Many of Gunning District Landcare’s projects are aimed at restoring our waterways and farmlands so that they are great for stock, great for wildlife and great for people too. Scientific evidence and the experience of pioneering local land managers, show that a property with around 30% of its area planted to trees can be more productive than just bare paddocks. We want to do all we can to promote and implement ways of revegetating our landscapes to make them more productive, biodiverse and beautiful.

Gunning District Landcare is calling for people to nominate suitable farm dams as refuge sites for the threatened Southern Pygmy Perch. There are only three populations of this charismatic little fish left in the wild in NSW, and two of these populations are in the Gunning area!

Unfortunately, Southern Pygmy Perch is under severe threat from the voracious non-native Red Fin Perch, and we need your help to provide safe refuge before we lose them altogether. Farm dams are ideal as they are safe from predators and can be easily monitored.

We have begun work with Gunning Primary School to further develop local kids’ understanding and interaction with their local environment. Gunning District Landcare also has riparian plantings around Barbour Park and Meadow Creek, including the Bruce Bray Riparian Walk with interpretative signage. We hope to realise the potential offered by these sites, together with others such as the Golf Club, to be linked and enhanced to the benefit of the community and the local environment.

Dalton Public School. It’s P&C Association, Gunning District Landcare and Greening Australia are protecting and enhancing the endangered Yellow Box Community that adjoins the school. Guided walks with interpretative signage will make this significant bush block and ideal Outdoor Education Centre.

We have been working with the Dalton Community Association to remove woody weeds and replace them with native plants. During this work two local youngsters found two fish which they rightly believed to be a previously undiscovered remnant population of Southern Pygmy Perch – only the fourth population known! While this very small population is under great stress, it is a very hopeful and inspiring find for us. We will continue to maintain and improve this area.

Gunning District Landcare has been working with Luke Pearce from Department of Primary Industries Fisheries, and Dr Mark Lintermans, Associate Professor in Freshwater Fisheries ecology and management at University of Canberra, to develop the Southern Pygmy Perch Recovery Action Plan. Which will also benefit the Yellow Spotted Bell Frog. Both listed as endangered species.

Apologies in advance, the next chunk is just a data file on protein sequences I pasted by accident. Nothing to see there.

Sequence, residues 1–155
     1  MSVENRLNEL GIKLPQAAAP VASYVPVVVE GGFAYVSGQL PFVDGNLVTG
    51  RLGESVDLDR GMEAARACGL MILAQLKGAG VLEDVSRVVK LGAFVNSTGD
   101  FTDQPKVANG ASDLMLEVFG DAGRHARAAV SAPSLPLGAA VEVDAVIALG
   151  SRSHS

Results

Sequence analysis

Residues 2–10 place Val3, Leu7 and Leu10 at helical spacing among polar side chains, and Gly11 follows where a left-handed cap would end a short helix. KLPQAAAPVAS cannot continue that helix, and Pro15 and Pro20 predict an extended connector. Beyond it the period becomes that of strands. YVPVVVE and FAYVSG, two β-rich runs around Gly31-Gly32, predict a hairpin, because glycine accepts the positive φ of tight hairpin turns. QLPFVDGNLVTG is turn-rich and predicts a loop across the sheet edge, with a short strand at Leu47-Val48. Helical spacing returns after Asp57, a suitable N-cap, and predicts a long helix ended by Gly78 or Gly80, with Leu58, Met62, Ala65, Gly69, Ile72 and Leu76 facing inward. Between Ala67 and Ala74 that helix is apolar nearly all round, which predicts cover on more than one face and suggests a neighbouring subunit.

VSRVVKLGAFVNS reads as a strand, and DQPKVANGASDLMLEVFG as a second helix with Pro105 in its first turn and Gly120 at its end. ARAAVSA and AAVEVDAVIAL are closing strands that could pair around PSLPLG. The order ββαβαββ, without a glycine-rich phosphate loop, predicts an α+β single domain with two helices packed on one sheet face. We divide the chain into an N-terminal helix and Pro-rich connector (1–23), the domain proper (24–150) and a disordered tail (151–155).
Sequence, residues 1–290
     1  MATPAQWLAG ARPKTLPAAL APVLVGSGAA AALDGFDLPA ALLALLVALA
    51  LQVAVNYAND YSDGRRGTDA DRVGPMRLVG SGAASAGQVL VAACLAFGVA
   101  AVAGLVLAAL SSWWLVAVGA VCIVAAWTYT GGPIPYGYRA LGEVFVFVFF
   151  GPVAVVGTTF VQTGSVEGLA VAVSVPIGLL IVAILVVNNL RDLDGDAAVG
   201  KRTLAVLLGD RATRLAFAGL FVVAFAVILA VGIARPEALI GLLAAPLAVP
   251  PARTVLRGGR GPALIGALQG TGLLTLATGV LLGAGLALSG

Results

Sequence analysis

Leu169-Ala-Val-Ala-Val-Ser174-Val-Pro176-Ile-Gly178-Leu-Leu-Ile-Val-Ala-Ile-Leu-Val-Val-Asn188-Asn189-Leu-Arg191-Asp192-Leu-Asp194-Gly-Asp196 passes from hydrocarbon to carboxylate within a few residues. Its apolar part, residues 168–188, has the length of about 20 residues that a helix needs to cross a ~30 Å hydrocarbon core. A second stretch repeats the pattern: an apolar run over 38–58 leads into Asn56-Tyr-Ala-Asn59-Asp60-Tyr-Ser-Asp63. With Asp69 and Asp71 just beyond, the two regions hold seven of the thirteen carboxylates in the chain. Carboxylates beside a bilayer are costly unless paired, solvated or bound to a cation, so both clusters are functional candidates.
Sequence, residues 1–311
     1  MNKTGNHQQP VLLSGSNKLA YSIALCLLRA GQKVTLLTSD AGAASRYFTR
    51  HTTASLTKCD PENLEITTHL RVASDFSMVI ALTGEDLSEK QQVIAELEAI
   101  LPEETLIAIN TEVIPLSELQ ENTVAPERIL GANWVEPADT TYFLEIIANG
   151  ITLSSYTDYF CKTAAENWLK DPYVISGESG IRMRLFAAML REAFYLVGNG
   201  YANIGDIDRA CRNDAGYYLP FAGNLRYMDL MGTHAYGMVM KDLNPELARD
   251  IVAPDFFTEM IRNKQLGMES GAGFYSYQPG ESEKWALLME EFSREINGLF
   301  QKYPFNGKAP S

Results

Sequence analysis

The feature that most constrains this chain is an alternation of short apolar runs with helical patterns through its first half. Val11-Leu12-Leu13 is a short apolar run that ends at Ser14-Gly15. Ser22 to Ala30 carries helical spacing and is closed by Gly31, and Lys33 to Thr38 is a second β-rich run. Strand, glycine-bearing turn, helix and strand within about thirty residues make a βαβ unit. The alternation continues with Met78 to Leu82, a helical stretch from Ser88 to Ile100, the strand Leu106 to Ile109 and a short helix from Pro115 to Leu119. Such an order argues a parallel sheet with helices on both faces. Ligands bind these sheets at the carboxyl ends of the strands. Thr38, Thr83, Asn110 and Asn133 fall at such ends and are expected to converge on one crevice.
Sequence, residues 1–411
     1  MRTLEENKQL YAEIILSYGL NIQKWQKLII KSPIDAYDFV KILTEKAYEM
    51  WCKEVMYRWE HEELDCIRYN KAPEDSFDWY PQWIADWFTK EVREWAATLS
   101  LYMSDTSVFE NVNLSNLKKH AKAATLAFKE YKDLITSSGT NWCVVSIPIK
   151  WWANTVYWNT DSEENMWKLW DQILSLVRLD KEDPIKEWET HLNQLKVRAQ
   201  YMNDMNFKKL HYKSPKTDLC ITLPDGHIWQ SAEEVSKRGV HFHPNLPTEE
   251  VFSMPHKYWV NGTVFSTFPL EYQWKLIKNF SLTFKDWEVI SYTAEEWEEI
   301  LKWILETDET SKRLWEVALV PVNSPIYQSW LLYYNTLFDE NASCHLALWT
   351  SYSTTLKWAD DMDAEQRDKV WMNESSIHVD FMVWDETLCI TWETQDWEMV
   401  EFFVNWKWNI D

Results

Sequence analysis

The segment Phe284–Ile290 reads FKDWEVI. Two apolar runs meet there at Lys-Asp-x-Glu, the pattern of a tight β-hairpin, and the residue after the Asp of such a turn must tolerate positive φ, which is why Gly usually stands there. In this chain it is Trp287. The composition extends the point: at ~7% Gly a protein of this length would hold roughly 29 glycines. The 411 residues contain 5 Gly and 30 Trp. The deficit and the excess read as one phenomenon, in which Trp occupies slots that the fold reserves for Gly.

Whilst both Southern Pygmy Perch and Yellow Spotted Bell Frog occur here in the Gunning area, populations are low and without help these species are unlikely to persist.

This local Recovery Action Plan will give us a clear action plan for the future to ensure our efforts are strategic and coordinated. The plan should be completed by Spring 2017.

Further supporting the maintenance and enhancement of suitable habitat for these species is to cease the practice of burning vegetation to clear waterways.

Please see the PDF - Managing Stream Vegetation

There are some 10,000 feral foxes in the wider Gunning district. They are a huge environmental and economic menace. While individuals and authorities have been battling the fox for years, these efforts have been patchy and only partially successful.

Gunning District Landcare wants to have a real impact on this problem. We have been working with South East Local Land Services to develop a sustained and strategic attack on fox numbers across the district and surrounding areas. Foxes will always be with us but we know that if neighbours work together to eradicate foxes over a wide area then we can have a real significant impact on their numbers.

We have established a network of group organisers and will be undertaking at least two major baiting programs each year. Action on this scale has to make a difference. If your property is 10Ha or larger, we ask you to consider joining us.

We offer free training so you can use the necessary 1080 baits safely, ethically and effectively.

While 1080, used strategically, is an essential element of our campaign against the fox it is not the only one. We will be adopting other control techniques over time. And there are other feral pests damaging our environment which we hope to also tackle co-operatively in the future.